Laraaji Explains Why He Only Wears the Color Orange

For those well-versed in the history of New Age music, Laraaji’s origin story is elementary material. The account goes something like this: Brian Eno, walking in Washington Square Park one day in 1979, came across the Philadelphia-born, Harlem-based multi-instrumentalist hammering away on his signature instrument, the zither. Captivated by Laraaji’s celestial sounds, Eno tapped the artist, born Edward Larry Gordon, to contribute to his ambient music series. The following year, Eno produced and released Ambient 3: Day of Radiance, which has perhaps become Laraaji’s most widely recognized recording and a fundamental piece of New Age music.

Since then, Laraaji has continued to release seminal recordings—just last week, he launched his second album within the span of two weeks. The first, Sun Gong, is composed of two extended gong and electronic drone pieces; the second, Bring on the Sun, finds Laraaji crafting hypnotic, swirling ambient sounds alongside more straightlaced numbers like album standout “Change,” which crystallizes certain poetic phrases that have been percolating in his mind for years. Though there has been much renewed interest in Laraaji’s music of late, far less attention has been paid to one of his most visible quirks—his penchant for the color orange. His Harlem apartment is filled with orange garments on hooks, orange tapestries line the walls of the room where he experiments with his wide collection of instruments, and a quick Google search verifies his longtime habit of donning the surprising shade.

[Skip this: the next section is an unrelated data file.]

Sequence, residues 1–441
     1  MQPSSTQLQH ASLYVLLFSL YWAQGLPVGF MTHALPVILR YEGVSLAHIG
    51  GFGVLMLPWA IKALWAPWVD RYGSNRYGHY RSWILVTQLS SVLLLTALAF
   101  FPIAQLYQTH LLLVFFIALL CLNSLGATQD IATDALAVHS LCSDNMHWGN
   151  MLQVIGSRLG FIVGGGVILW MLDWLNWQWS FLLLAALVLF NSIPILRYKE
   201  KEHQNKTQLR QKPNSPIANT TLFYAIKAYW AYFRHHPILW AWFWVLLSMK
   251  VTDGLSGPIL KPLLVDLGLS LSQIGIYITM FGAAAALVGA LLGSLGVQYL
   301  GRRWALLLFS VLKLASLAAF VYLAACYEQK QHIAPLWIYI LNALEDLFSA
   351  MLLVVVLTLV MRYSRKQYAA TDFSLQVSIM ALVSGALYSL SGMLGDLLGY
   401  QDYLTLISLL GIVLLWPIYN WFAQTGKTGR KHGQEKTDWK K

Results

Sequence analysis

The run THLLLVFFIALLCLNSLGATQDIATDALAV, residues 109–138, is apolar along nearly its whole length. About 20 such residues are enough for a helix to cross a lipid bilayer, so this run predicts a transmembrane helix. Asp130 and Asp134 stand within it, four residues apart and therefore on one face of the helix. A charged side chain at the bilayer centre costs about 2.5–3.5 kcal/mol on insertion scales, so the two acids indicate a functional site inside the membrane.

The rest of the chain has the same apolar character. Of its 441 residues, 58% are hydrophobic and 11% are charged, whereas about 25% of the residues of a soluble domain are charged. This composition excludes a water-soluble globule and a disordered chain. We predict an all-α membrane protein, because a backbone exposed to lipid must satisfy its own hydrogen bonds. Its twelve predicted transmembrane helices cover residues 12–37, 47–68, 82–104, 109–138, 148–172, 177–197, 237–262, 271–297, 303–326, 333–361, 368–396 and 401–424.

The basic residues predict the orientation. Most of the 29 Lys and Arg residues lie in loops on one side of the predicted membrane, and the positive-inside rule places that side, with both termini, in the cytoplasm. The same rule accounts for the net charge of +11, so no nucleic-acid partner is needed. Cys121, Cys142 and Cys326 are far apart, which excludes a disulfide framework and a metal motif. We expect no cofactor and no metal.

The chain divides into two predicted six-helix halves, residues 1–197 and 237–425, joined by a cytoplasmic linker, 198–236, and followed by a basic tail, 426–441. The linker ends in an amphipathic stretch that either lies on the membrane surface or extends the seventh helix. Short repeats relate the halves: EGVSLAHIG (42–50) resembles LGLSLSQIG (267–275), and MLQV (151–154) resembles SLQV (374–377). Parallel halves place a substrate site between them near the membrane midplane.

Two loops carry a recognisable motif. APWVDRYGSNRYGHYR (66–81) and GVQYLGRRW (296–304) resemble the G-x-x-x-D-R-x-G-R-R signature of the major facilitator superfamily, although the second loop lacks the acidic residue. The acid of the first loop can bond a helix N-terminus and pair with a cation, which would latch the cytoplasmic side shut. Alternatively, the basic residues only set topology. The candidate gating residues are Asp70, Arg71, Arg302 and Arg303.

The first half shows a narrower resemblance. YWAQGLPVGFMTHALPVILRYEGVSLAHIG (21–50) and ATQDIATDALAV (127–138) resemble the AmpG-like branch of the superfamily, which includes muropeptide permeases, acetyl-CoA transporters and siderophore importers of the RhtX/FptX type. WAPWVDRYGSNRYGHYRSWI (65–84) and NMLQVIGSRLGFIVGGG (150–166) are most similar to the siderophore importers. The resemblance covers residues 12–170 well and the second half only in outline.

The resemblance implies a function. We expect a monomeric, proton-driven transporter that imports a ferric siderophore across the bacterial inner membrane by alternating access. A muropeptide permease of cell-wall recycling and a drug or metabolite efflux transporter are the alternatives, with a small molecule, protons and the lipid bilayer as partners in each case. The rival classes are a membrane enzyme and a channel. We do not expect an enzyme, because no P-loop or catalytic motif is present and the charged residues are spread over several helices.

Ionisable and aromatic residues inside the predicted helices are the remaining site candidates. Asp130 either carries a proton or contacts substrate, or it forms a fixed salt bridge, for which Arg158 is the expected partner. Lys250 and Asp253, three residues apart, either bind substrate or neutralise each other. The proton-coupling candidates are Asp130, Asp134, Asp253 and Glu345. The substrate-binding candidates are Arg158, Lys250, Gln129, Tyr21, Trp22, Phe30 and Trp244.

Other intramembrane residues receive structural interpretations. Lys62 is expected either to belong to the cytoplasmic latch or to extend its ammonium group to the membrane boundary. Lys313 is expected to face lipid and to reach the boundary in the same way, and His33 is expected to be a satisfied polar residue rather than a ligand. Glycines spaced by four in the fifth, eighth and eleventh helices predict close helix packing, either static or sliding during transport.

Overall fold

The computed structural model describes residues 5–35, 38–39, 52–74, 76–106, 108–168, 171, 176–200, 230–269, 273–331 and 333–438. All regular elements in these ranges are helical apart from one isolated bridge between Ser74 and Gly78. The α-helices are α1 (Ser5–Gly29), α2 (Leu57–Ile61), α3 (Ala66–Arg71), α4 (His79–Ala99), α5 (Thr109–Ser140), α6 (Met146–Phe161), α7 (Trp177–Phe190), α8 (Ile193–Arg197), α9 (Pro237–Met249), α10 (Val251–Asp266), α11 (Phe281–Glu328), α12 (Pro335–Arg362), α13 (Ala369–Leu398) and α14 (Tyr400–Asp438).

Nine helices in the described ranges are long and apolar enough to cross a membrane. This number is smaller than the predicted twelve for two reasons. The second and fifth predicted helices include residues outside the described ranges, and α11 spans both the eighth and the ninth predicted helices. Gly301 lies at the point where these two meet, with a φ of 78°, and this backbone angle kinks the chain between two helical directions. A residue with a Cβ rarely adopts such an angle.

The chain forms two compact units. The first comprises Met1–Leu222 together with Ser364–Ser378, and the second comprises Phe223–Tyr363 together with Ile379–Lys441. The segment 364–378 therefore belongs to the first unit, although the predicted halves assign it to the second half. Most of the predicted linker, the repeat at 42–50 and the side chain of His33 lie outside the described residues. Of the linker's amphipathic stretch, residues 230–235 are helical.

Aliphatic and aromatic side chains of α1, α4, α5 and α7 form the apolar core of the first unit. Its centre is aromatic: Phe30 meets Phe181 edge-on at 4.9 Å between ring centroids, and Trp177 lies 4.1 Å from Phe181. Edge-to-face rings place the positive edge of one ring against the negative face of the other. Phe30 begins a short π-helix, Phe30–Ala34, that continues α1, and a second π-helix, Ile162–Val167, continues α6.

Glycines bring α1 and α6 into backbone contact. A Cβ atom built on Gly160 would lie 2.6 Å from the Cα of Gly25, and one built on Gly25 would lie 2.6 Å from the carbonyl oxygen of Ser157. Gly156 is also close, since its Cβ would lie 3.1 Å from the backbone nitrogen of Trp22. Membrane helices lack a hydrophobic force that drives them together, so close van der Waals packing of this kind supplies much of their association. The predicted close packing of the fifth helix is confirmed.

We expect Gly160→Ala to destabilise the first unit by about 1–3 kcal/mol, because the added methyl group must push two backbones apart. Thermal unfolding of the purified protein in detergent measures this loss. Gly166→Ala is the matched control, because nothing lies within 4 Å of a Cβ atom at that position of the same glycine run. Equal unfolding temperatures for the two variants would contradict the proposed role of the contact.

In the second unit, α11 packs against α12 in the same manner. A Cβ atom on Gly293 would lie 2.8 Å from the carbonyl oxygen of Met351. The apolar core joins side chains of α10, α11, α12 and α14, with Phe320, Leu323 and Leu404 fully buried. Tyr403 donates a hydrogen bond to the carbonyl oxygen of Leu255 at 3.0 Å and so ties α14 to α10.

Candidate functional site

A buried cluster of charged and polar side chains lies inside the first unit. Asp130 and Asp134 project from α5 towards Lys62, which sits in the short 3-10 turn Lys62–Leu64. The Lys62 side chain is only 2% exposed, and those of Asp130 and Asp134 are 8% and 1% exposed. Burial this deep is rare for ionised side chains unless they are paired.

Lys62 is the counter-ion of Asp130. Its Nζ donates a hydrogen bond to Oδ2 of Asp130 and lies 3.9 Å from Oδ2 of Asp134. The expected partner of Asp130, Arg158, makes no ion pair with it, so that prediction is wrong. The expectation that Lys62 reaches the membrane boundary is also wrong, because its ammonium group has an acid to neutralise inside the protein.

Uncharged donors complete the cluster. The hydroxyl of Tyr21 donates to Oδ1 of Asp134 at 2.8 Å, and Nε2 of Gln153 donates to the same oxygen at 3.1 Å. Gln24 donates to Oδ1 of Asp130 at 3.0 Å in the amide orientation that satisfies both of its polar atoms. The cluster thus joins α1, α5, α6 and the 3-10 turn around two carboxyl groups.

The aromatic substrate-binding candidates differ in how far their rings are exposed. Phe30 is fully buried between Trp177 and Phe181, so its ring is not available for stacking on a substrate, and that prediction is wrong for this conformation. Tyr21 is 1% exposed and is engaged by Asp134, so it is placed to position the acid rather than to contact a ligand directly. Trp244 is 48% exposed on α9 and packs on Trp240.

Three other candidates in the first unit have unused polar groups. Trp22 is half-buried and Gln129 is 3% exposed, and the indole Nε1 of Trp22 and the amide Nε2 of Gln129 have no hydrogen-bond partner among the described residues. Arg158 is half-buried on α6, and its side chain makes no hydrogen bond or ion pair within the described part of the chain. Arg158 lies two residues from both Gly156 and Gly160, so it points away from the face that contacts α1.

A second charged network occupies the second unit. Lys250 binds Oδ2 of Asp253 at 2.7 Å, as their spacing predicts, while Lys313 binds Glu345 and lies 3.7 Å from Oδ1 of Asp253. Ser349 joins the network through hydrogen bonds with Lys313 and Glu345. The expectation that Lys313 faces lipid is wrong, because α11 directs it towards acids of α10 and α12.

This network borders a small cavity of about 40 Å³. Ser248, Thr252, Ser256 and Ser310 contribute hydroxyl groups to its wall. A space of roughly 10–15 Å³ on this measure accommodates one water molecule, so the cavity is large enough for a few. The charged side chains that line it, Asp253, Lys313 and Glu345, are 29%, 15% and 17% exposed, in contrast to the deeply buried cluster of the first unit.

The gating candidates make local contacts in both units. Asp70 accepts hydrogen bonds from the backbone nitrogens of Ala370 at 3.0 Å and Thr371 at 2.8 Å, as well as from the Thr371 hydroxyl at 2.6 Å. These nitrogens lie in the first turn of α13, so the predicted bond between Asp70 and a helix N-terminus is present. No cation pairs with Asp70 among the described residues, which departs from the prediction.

Photographed by Jacob Ferguson

At the root of Laraaji’s fascination is a spiritual practice that deepened over time. In the mid-’70s, he started to devote more time to studying Eastern philosophy and meditation, in particular. “My questions about life started to get deeper and I started to pay more attention to anything of a spiritual nature,” he says. Back then, he was already in the habit of wearing all white, which he…

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